# What is Geometry?

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• 0:05 Geometry
• 0:46 Egyptian
• 1:17 Greek
• 2:41 French
• 3:18 Lesson Summary

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Lesson Transcript
Instructor: Yuanxin (Amy) Yang Alcocer

Amy has a master's degree in secondary education and has taught math at a public charter high school.

Geometry can be traced all the way back to 2000 BC. Watch this video lesson and learn how much geometry has grown over time, and how people from Egypt, Greece, and France have contributed to the geometry we now use today.

## Geometry

Geometry is not just a math topic created to make your life harder. It is a topic that was developed to answer questions about shapes and space related to construction and surveying. It answers questions about all the different shapes we see, such as how much space an object or shape can hold. Geometry even has application in the field of astronomy, as it is used to calculate the position of stars and planets. Over time, different people contributed new and different things to grow geometry from its basic beginnings to the geometry we know, use and study today.

## Egyptian

The first written record that we have of geometry comes from Egypt back in 2000 BC. Some of the earliest texts that have been discovered include the Egyptian Rhind papyrus, Moscow papyrus and some Babylonian clay tablets, such as the Plimpton 322. These early geometry works included formulas for calculating lengths, areas and volumes of various shapes, including those of a pyramid.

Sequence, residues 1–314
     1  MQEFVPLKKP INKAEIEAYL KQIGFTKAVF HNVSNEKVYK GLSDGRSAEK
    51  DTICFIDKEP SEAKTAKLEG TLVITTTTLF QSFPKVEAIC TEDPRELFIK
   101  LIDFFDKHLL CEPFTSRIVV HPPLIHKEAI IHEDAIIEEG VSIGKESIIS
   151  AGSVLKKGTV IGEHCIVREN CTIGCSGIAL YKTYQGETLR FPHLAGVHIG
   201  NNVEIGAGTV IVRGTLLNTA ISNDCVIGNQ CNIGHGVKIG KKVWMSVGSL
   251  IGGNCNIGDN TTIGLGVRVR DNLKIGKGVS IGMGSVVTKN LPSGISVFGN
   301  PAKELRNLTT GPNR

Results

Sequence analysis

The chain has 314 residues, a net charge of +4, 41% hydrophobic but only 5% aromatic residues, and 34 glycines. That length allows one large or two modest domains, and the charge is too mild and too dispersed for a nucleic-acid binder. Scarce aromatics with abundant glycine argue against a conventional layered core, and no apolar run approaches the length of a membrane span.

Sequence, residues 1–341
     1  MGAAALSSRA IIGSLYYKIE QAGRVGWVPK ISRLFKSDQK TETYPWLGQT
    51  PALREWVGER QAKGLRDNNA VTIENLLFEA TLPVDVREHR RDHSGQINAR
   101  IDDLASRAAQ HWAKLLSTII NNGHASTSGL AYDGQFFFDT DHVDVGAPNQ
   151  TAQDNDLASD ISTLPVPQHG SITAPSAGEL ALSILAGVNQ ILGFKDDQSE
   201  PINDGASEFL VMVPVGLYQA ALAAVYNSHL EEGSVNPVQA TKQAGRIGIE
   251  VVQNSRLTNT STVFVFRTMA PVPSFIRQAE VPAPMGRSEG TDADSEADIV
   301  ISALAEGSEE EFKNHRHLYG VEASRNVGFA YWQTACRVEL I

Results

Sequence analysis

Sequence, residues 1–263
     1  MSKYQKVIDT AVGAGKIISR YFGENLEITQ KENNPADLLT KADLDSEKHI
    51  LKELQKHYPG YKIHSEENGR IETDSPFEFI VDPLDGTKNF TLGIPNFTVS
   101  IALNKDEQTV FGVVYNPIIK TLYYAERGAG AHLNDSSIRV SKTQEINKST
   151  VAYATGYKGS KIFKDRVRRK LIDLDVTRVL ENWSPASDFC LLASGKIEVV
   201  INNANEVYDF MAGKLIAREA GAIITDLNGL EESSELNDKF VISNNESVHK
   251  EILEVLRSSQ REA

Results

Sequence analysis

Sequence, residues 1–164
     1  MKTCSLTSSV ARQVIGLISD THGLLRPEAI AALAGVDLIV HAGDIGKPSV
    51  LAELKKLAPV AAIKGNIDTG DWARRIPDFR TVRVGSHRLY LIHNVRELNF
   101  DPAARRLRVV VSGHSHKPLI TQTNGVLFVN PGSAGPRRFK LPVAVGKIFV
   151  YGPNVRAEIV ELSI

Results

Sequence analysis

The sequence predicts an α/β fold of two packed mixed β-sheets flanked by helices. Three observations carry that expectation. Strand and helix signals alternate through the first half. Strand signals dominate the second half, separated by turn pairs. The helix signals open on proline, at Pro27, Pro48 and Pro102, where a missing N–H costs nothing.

## Greek

The Greeks also contributed much to the study of geometry. Thales of Miletus, although a Greek, actually calculated the height of pyramids in the 7th century BC. The Greek mathematician Pythagoras is well-known, and you will hear and learn much about what he contributed to the study of geometry. Also in the 7th century BC, Pythagoras is credited with proving the Pythagorean Theorem, which we currently use today when working with triangles. The Pythagorean Theorem shows that the square of the hypotenuse is equal to the sum of the squares of the other two sides.

Another Greek mathematician, Euclid, introduced Euclidean geometry around 300 BC. Euclidean geometry is based on a collection of basic truths and definitions presented in the 13 books written by Euclid, known as Euclid's Elements. Euclid used these basic truths and definitions in proving other theorems, such as the one that says that if two triangles have two equal sides and the angle in between the two sides is equal, then the two triangles are congruent. We still use Euclid's method of proving theorems with the use of definitions today.

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